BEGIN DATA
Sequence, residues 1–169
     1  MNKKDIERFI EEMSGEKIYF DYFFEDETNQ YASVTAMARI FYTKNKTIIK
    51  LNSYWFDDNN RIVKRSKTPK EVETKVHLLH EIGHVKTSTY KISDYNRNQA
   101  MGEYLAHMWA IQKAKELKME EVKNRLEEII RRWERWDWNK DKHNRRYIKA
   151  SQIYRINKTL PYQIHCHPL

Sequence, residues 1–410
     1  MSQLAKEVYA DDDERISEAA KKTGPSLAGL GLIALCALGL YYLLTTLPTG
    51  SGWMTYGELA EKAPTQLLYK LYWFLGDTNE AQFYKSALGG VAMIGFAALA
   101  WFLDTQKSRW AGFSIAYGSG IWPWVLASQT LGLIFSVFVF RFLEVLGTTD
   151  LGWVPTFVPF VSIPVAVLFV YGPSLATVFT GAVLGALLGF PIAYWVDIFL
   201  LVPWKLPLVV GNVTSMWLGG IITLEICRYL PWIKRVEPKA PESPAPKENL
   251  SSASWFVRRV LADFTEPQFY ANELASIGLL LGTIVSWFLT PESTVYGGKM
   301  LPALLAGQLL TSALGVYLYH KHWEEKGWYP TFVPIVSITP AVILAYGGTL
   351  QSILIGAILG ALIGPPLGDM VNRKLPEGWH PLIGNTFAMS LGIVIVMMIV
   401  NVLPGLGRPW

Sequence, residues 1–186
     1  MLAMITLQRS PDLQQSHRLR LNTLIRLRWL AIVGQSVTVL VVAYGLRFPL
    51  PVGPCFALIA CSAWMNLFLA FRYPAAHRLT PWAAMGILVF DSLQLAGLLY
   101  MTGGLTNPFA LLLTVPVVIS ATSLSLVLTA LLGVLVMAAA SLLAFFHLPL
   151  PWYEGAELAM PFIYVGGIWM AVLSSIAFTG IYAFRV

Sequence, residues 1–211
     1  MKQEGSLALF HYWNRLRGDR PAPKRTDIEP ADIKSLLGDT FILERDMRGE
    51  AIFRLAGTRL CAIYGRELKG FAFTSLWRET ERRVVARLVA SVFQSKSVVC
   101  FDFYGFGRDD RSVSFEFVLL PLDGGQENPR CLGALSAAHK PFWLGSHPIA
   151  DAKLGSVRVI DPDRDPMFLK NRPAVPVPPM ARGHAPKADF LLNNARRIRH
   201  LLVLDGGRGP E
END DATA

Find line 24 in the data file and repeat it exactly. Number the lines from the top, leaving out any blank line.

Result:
   101  FDFYGFGRDD RSVSFEFVLL PLDGGQENPR CLGALSAAHK PFWLGSHPIA